The NFL video-game world has been quiet for far too long. Maybe that’s why there is a certain buzz around Madden 19, which was released Friday.
Ravens backup quarterback Lamar Jackson is rated only a 79 overall, but examine him further and you’ll see why game owners are jumping into Franchise mode and mortgaging the farm to acquire him.
The folks at Madden gave Jackson a 94 for speed, a 95 for acceleration and a 95 for agility. Sure, his throwing accuracy and throwing power need a lot of work, but that’s the beauty of the new-look Franchise mode. Flaws in a player can be fixed through a new streamlined progression.
The days of running through practices and games to build up experience points to sprinkle around on each player are dead. Now it’s about putting a single point into a trait and letting that player improve randomly.
It’s actually more realistic and strategic, especially if you want the chemistry of the team to stay in sync.
But even a spaghetti-armed Jackson is a problem to defend. Just jump into online play and see how many gamers are using the Ravens as their weapon of choice.
It’s one play after another of five-receiver sets, with all the receivers running vertical routes and video-game Jackson surveying which side of the field he’s going to run to.
The counter? You’d better have a speedy middle linebacker spying, and it’s tough to get a good angle on Jackson even then.
The other positive about Franchise mode is that the trading AI continues to improve. The days of stealing players left and right are over.
You want evidence? Try trading for Jackson.
I was able to acquire Bears quarterback Mitch Trubisky, who is rated a 74 overall, to ride the bench behind Steelers quarterback Ben Roethlisberger for rookie quarterback Mason Rudolph, a second-round pick and a fourth-round pick. I offered Roethlisberger, linebacker Ryan Shazier (he’s healthy in the Madden 19 world) and a first-round pick for Jackson and got a no.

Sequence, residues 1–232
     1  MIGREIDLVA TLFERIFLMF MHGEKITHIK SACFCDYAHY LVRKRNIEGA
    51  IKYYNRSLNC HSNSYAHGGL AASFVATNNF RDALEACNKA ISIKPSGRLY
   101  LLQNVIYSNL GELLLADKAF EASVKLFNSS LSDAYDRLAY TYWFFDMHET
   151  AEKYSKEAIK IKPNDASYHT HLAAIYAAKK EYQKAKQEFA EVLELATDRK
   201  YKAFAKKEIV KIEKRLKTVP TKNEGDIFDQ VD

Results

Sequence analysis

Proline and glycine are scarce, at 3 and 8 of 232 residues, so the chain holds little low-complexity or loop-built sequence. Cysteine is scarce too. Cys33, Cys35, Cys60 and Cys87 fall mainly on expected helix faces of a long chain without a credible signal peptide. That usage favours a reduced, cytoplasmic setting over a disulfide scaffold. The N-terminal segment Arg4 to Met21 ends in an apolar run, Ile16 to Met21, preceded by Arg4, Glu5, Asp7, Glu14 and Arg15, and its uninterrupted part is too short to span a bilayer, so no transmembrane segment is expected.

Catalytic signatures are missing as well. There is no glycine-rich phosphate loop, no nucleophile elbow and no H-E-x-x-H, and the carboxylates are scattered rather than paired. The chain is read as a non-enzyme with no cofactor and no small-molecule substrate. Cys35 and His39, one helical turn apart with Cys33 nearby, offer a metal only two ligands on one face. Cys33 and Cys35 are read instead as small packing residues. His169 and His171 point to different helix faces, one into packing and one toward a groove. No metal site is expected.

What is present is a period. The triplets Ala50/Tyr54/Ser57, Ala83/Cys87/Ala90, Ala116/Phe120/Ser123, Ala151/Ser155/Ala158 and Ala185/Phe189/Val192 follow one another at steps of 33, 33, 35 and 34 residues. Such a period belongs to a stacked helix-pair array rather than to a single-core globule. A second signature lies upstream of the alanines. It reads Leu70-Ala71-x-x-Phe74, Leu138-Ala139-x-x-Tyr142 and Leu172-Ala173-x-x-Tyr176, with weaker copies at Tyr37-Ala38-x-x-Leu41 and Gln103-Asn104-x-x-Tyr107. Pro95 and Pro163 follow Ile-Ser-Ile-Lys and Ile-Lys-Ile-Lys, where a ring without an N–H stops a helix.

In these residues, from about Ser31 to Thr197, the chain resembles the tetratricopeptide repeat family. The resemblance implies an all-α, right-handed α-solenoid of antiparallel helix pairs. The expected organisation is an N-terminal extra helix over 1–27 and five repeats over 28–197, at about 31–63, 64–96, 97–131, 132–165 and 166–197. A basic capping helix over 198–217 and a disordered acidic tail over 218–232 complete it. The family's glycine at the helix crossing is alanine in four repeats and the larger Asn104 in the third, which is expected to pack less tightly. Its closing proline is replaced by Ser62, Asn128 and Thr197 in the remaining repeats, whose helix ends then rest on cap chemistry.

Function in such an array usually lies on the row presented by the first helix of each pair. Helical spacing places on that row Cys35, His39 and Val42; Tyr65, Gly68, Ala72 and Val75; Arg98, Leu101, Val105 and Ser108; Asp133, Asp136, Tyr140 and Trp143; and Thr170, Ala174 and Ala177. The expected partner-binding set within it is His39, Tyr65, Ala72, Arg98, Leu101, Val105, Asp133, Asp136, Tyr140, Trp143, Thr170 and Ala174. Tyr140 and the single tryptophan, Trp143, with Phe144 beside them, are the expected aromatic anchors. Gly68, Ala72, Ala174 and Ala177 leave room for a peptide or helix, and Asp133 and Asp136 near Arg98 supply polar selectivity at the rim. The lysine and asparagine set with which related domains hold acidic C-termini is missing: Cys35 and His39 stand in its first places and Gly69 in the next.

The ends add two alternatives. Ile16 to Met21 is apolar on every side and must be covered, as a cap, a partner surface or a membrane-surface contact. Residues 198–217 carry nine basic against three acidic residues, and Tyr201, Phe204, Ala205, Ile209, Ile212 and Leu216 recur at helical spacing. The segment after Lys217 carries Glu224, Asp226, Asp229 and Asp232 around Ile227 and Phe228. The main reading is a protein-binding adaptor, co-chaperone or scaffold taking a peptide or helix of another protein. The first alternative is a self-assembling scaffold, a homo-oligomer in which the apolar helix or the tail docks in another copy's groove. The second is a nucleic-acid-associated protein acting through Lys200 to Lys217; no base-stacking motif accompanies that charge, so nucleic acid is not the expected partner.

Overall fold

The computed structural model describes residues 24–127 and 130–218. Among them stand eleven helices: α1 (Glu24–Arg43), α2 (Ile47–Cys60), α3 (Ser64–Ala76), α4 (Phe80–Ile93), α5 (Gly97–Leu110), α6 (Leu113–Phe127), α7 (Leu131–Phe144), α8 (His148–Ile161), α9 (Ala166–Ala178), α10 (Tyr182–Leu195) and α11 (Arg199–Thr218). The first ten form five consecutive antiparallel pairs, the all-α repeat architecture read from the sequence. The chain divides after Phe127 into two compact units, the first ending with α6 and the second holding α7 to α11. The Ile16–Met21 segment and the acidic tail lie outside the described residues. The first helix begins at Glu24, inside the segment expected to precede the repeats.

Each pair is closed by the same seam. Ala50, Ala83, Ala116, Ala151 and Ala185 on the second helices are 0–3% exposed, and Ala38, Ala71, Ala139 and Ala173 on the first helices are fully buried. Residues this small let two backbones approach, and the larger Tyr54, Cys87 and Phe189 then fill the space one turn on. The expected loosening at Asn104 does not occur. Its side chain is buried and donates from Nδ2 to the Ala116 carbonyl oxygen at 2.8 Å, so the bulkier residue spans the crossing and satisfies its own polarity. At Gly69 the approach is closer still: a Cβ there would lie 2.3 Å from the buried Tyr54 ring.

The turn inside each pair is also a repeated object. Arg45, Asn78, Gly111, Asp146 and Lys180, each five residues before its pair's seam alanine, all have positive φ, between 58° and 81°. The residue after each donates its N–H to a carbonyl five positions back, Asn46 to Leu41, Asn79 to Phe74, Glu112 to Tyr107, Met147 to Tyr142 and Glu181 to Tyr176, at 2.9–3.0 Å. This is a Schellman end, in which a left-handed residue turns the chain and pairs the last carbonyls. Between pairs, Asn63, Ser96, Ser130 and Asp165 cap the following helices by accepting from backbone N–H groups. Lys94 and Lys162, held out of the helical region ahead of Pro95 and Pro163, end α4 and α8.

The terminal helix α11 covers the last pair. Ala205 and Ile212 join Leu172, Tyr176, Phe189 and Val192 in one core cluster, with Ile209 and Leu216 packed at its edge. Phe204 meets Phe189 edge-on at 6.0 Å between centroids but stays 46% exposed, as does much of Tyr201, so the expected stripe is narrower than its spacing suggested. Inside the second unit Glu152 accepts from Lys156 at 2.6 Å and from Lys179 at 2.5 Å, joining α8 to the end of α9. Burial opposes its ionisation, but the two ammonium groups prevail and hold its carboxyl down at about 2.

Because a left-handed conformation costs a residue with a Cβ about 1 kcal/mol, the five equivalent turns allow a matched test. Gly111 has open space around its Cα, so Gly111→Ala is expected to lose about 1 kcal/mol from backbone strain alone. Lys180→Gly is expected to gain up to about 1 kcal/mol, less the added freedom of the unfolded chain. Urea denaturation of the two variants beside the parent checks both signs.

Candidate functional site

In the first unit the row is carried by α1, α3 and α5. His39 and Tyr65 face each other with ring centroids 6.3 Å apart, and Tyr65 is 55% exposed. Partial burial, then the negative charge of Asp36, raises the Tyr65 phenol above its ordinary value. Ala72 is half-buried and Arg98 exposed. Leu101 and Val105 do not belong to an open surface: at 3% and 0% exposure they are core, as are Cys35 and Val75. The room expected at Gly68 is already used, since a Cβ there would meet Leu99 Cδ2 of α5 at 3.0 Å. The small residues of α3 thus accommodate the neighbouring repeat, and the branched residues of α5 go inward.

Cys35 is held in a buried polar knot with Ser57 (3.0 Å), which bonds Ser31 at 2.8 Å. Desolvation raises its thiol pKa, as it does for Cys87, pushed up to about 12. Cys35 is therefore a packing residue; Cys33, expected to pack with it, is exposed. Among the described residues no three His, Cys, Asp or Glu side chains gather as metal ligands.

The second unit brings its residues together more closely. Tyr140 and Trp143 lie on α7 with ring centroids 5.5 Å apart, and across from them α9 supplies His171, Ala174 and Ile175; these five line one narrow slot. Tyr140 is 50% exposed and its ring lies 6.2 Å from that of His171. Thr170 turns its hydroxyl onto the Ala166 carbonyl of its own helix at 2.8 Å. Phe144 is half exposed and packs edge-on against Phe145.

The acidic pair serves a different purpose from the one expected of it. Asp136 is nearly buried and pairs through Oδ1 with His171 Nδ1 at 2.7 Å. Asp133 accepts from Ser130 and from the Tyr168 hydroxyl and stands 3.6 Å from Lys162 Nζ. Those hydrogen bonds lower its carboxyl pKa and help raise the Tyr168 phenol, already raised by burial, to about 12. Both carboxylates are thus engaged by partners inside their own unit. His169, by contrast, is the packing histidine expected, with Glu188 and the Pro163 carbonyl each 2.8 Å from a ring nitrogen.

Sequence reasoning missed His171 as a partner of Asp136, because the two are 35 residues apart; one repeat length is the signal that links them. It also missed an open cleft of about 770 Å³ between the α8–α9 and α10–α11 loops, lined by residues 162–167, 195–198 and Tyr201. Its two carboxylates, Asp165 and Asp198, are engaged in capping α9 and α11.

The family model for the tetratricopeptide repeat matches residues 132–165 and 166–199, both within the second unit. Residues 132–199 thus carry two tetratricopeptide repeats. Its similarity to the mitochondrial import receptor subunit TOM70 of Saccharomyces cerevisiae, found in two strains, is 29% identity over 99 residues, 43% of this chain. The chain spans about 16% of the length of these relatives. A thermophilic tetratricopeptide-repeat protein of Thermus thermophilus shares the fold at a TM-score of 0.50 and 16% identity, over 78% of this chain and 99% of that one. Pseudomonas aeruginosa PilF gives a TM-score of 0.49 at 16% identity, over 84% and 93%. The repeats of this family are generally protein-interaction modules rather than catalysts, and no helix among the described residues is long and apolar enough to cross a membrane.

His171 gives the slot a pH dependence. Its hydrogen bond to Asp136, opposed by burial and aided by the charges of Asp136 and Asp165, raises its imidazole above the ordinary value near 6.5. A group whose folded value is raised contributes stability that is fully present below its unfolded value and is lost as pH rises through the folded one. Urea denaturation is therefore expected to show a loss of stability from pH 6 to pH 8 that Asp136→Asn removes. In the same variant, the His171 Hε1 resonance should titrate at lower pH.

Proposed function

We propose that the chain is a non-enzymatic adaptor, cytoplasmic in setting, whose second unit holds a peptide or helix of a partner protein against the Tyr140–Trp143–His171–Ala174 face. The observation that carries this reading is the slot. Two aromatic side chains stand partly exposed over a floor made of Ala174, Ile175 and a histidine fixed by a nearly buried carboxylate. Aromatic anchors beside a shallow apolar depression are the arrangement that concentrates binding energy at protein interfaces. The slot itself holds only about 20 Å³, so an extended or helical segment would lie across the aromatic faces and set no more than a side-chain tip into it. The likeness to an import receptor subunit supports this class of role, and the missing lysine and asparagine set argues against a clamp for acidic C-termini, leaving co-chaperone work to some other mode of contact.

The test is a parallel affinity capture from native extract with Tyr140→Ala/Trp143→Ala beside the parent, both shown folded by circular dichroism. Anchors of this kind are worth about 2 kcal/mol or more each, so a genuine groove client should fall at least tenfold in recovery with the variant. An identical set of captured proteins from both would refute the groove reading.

As a matter of fact, every offer for Jackson was a no. It’s like the Ravens know what they have and aren’t about to share it.
The other popular game mode is Ultimate Team, and the changes there also merit applause. Out are the days of contracts to keep players on your roster. In are training points to make the existing players on the roster improve.
Finally, there’s the game-play itself. The game is clean. Sure, there are moments in which an airborne player might look as though he had been shot rather than tackled, but the eye test on Madden is at an all-time high as far as player movement and collisions.
Look, no one is trying to tell you how to spend $60. The Madden franchise is an all-or-nothing purchase these days: You love the game, or you’re over it. Make that decision for yourself.
In the meantime, let’s give the latest edition a solid B+.